California Passes Bill to Regulate Medical and Adult-Use Markets

California Passes Bill to Regulate Medical and Adult-Use Markets

The Bureau of Cannabis Control will oversee all cannabis businesses in the state once Gov. Brown signs the bill into law.

June 19, 2017

After the California State Senate passed SB 94, the cannabis budget trailer bill, on Thursday, the legislation is out of the state legislature and is fast-tracked to become state law.

The bill passed in the Senate with 31 in favor and three opposed.

According to an email letter to constituents from Hezekiah Allen, executive director of the California Growers Association, California’s new legislation, the Medical and Adult-Use Cannabis Regulation and Safety Act (MAUCRSA) will govern both medical and adult-use marijuana and become the foundation for regulated cannabis activity in the state. Previous regulations for the medical market were laid out in the Medical Cannabis Regulation and Safety Act (MCRSA) of 2015, which has been repealed and replaced with MAUCRSA.

As noted by Allen, the bill to regulate the adult-use market is “the culmination of nearly three years of focused work that brought together stakeholders with a broad spectrum of perspectives and required the investment of tens of thousands of hours.” In April, California Governor Jerry Brown proposed that MCRSA and Proposition 64, the Adult Use of Marijuana Act (AUMA), merge into one regulatory system that has now become MAUCRSA.

The Bureau of Cannabis Control will oversee all cannabis businesses in the state once Gov. Brown signs the bill into law.

Nicole Howell Neubert, attorney at California-based cannabis industry law firm Clark Neubert LLP, believes the trailer bill clarifies issues that have been vexing the firm’s clients since Proposition 64 was passed, such as how the laws will work together, what will happen to the medical market, which licenses are able to be held and how to structure businesses.

“It is incredibly encouraging to see the state and the industry work so quickly and well together to accomplish the goal of getting one set of rules in place before next year,” Howell Neubert said. “Having this detailed framework finally allows us to advise our clients clearly and confidential about initial state licensing.”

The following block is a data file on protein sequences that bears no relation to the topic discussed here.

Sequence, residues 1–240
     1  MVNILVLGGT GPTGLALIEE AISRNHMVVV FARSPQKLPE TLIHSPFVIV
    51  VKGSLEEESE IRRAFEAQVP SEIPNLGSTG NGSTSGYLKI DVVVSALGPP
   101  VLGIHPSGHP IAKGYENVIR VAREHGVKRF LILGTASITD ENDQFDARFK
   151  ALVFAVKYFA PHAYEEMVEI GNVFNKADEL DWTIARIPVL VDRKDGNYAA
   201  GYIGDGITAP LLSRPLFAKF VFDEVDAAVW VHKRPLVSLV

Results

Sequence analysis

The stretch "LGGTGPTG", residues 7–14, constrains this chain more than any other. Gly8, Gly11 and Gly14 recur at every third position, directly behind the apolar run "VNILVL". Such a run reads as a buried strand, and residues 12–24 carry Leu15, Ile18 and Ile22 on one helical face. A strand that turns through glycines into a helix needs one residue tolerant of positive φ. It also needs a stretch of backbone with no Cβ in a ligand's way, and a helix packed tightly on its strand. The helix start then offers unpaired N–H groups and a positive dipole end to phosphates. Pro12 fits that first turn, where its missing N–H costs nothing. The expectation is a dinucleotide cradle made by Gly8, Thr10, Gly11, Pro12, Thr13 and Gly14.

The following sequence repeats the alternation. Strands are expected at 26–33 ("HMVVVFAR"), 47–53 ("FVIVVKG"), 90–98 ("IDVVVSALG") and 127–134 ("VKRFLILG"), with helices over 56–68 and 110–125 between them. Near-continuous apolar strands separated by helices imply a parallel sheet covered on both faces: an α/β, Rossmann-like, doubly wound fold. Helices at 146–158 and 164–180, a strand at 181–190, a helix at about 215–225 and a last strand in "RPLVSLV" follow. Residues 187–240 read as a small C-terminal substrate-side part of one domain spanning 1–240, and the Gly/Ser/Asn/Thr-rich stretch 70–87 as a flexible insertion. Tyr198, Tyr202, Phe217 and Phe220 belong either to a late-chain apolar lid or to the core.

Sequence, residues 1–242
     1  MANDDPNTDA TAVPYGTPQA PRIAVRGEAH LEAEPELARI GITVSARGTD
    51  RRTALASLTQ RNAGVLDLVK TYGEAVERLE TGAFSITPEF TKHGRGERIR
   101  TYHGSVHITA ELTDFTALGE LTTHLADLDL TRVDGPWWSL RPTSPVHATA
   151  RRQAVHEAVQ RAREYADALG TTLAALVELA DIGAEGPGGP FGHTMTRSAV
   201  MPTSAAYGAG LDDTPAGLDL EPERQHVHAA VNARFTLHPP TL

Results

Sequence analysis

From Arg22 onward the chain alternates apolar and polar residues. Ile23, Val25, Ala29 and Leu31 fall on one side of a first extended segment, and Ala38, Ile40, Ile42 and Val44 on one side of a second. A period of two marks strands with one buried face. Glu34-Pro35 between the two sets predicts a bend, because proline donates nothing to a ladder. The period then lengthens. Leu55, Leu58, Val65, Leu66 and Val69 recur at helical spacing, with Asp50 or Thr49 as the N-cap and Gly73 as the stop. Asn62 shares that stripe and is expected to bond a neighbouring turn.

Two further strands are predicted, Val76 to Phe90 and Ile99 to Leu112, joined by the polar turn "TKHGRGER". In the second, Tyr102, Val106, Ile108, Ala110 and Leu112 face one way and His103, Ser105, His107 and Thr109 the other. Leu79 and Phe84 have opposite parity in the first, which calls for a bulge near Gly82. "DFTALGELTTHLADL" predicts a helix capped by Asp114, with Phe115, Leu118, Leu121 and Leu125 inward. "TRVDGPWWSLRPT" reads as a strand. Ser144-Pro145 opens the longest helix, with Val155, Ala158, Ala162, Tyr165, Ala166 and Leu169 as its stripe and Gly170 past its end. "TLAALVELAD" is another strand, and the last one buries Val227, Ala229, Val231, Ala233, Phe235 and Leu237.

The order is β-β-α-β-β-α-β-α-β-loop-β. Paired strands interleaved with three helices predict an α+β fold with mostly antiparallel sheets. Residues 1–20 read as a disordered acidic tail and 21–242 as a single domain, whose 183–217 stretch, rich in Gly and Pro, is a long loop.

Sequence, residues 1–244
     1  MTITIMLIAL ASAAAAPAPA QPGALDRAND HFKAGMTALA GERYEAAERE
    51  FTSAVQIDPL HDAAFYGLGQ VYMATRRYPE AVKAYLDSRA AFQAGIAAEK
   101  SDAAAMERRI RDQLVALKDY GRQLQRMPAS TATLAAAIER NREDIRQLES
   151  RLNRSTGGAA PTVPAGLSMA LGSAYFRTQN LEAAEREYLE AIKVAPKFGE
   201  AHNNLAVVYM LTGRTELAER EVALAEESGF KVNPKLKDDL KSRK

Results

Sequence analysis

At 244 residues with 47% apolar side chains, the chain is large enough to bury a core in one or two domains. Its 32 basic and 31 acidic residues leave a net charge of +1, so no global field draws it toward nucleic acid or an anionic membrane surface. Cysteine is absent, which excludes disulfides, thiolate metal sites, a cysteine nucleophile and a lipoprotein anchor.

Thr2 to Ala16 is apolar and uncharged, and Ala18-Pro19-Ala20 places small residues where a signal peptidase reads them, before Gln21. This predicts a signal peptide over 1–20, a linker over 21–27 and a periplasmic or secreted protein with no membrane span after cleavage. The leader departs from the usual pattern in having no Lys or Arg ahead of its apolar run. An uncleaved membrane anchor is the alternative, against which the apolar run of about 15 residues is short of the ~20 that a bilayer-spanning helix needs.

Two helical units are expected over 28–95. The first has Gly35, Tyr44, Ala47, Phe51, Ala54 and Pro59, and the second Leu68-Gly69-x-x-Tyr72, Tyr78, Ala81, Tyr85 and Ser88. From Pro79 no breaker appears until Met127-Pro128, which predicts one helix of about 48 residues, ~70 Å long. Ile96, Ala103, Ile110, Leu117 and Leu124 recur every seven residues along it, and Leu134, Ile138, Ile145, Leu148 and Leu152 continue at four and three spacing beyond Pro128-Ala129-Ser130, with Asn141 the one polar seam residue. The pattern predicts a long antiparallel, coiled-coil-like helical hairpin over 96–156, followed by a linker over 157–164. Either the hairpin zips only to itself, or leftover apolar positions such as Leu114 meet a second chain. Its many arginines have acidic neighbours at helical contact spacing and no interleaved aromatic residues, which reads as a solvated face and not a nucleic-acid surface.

Although she acknowledges that this is only the beginning of a constantly evolving set of laws and regulations, Neubert is happy to see the legislation pass so that progress can be made under one set of regulations.

According to a blog post written by Alison Malsbury on Harris Bricken Canna Law Group’s Canna Law Blog, MAUCRSA creates the Bureau of Cannabis Control as the governing bureau. The types of licenses available for commercial adult-use and commercial medicinal cannabis activity will be the same, but producing dispensary and transporter licenses are not available. “The licenses available under both the MCRSA and the AUMA will continue to be available for both kinds of activity, and for specialty cottage cultivation licenses and microbusiness licenses, and, commencing on January 1, 2023, licenses for large outdoor, indoor, and mixed-light cultivation will also be available for both medicinal and adult-use cannabis activity,” wrote Malsbury.

MCRSA limited the combinations of medicinal cannabis licenses an individual could hold until Jan. 1, 2026, but MAUCRSA will not apply these limits, except that testing laboratory licensees cannot obtain licenses to engage in any other commercial cannabis activity. Harris Bricken’s blog also points out that those applying for cultivation licenses will need to identify the source of water supply under the new legislation.

In a previous interview with Cannabis Business Times, Neubert said key to developing regulations is ensuring that as many operators as possible can get licensed, and with California home to 50,000 to 60,000 farms, other states are looking to see how the state deals with this market regulation, as well as important environmental issues.

Neubert and her law firm are most excited about regulations in the bill that help small businesses compete in California’s market.

“We are especially heartened to see the specific authorization of non-storefront dispensaries and the creation of the Cannabis Cooperative Associations, both of which were important for small businesses to compete,” she said. “It’s encouraging to see these priorities supported by our lawmakers, and we hope it is a good sign that we are creating a California industry that has room for everyone, regardless of size and pocketbook.”

According to Harris Bricken, other regulations stipulate quality assurance, inspection and testing requirements of cannabis and cannabis products; a cannabis excise tax that will be measured by the average market price of retail sale and additional advertising requirements. In addition, the Bureau of Cannabis Control will lose the authority to regulate and control industrial hemp.

Neubert hopes that as the legislation surrounding the state’s medical and adult-use markets develops, other issues and challenges are taken into consideration, such as banking.

“Obviously banking remains a serious challenge for our clients and the industry. So it is important that the State Treasurer is looking closely at this issue in addition to the related regulatory efforts of the Legislature and Governor’s Office that is clear from the bill,” she said.

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